A new-found determination from the UK government to fast track the development of a shale gas industry means 2016 looks set to be a make-or-break year for the UK's frackers.
After a year in which the UK government took steps to encourage the development of a shale gas industry, 2016 looks set to see several unconventional wells drilled onshore Britain.
August saw the government declare its intention to introduce measures designed to fast track oil and gas planning applications in the regions, including the threat that local authorities who are tardy in applications in their areas will have the decision taken from them and decided by the central government's Secretary of State for Communities and Local Government instead. In a recent half-yearly results announcement released by UK onshore driller IGas Energy plc, the firm – among others – welcomed the move, stating: "These measures give clarity on the timetable for determining planning decisions for onshore oil and gas exploration and should help to avoid delays."
Meanwhile, the government demonstrated its further support for the development of UK shale gas with the announcement in mid-November by the UK Energy Secretary Amber Rudd that gas would form a central role in the country's future power generation. Rudd declared that "one of the greatest and most cost-effective contributions we can make to emission reductions in electricity is by replacing coal-fired power stations with gas".
Very late on in the year, a Dec. 15 “final report” from The Task Force on Shale Gas urged the drilling of a number of exploratory wells in the UK in order to provide a more accurate idea of the amount of natural gas that is economically recoverable from the country's shale rock.
After carrying out a work program on its shale assets with its partners Total, GDF Suez and INEOS during 2015, IGas is now poised to drill two exploration wells at its Springs Road site in north Nottinghamshire, the firm said at the end of November. It is also in the process of identifying a number of sites for further shale appraisal drilling and hydraulic fracturing of wells to determine flow rates and assess commerciality.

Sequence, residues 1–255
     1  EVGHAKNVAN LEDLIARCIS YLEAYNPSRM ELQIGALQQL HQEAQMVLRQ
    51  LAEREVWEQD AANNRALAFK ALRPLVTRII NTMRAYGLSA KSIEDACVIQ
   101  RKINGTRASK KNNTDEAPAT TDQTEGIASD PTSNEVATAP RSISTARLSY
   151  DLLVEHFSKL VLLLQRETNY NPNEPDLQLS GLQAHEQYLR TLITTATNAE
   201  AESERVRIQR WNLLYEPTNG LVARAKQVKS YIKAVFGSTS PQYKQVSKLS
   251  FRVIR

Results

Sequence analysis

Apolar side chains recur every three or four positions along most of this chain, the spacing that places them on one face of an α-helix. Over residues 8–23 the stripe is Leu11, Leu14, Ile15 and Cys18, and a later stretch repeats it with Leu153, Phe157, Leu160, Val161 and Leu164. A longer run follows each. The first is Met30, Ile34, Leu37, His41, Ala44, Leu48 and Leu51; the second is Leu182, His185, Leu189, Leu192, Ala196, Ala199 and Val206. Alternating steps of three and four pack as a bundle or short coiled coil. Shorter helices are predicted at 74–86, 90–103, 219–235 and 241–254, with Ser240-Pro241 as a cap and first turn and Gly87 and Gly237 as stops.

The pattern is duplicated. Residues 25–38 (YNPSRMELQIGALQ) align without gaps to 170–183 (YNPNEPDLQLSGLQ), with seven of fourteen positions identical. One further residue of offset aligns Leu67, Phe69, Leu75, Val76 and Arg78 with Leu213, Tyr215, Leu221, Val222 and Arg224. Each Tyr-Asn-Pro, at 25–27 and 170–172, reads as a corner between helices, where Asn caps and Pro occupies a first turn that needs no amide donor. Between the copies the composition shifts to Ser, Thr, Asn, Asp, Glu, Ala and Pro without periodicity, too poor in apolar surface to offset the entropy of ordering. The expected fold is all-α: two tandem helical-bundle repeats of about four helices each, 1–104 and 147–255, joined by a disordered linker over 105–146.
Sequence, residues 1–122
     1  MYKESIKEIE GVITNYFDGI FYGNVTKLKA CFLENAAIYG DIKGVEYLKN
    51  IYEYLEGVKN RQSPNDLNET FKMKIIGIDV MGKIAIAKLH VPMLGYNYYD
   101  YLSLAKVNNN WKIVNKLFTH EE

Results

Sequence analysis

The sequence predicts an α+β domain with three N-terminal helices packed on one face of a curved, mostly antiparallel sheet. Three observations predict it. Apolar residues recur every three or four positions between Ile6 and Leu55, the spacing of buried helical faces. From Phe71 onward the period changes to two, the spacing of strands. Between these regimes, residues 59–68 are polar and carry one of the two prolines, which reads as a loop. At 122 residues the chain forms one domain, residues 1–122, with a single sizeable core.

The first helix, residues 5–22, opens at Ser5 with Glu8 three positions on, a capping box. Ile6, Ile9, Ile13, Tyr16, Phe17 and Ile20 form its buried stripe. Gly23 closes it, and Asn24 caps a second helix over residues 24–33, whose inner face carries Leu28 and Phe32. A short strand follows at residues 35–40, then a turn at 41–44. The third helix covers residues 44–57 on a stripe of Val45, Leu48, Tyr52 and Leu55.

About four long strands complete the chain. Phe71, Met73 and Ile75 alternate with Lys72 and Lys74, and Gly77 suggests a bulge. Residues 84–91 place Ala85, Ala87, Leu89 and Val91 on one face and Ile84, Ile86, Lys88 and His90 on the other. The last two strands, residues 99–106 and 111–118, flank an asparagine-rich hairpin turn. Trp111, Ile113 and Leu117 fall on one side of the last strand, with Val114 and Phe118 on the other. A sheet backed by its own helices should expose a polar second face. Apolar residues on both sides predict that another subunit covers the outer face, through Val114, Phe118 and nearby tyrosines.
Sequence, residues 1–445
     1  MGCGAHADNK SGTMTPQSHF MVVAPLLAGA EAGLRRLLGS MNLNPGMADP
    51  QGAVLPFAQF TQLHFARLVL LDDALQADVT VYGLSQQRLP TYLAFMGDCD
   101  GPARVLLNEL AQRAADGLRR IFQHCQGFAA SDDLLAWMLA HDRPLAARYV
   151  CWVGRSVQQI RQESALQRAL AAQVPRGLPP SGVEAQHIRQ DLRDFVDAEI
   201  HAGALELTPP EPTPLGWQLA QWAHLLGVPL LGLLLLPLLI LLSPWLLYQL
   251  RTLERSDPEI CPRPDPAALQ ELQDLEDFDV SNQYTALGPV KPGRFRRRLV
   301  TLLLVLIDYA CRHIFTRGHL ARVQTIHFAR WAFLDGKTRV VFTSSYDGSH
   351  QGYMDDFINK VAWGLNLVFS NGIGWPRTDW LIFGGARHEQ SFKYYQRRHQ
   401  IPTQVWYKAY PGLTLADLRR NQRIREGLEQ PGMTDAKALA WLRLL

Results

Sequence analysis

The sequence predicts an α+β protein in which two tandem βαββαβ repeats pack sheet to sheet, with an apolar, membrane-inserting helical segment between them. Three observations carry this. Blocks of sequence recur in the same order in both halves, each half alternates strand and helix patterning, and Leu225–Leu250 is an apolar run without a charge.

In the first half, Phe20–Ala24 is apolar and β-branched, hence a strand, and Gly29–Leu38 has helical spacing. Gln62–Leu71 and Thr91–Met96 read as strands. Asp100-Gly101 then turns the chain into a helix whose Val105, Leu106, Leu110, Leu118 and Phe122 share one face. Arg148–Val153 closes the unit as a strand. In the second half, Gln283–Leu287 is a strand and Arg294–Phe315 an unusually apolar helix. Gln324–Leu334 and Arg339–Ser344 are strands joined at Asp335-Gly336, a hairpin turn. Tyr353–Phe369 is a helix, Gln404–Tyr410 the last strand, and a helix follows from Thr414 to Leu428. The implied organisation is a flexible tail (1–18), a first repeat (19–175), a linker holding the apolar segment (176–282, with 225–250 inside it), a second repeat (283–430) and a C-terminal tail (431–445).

IGas submitted its planning application for the Springs Road site, located on the PEDL 140 onshore license, in October. The firm said that the application met all of Nottinghamshire County Council's requirements and will now undergo a period of consultation before planning officers make a recommendation to the planning committee. With the UK government's measures to fast-track shale drilling planning applications, this means that planning consent and associated permits should be in place by the summer of 2016 – when IGas anticipates drilling will begin.
Cuadrilla: The Poster Boy for UK Shale Gas
Cuadrilla Resources, the poster boy for the UK shale gas industry, has faced an uphill battle in getting planning consent for some of its shale gas exploration activities in northwest England. As well as protests from a vocal UK anti-fracking movement, Cuadrilla has faced a major obstacle in the shape of Lancashire County Council's Development Control Committee, which in June this year refused planning consent for two applications for temporary shale gas exploration sites in the county. This was in spite of the LCC's planning officer recommending approval for one of the exploration sites.
Cuadrilla is appealing the LCC's refusal to grant planning consent at Roseacre Wood and Preston New Road. And at the end of November, the UK's Communities Secretary said that he would decide the appeals after a public inquiry, which is scheduled to begin in February 2016.
So, it may be some time before exploratory drilling occurs at Roseacre Wood and Preston New Road, but the LCC has allowed Cuadrilla to develop a shale gas exploration site at Becconsall.
Before protests against shale gas fracking took hold a couple of years ago, Cuadrilla had in fact already drilled a handful of sites in Lancashire – including the Elswick site, which was hydraulically fractured in 1993 and which generated one megawatt of electricity during its early life.
Meanwhile, across the Pennines in Yorkshire, Third Energy will be hoping to finally obtain planning permission from North Yorkshire County Council to hydraulically stimulate and test various geological formations at its existing KM8 well at Kirby Misperton. A submission for planning permission to frack at the site was made to the county council in May 2015, although a decision is not expected before Feb. 9.
This year looks set to be a pivotal year for the UK's shale gas prospects. Whether the country finally has a real go at attempting to develop a shale gas industry or not will depend on the political will of the sector's supporters within the UK government.
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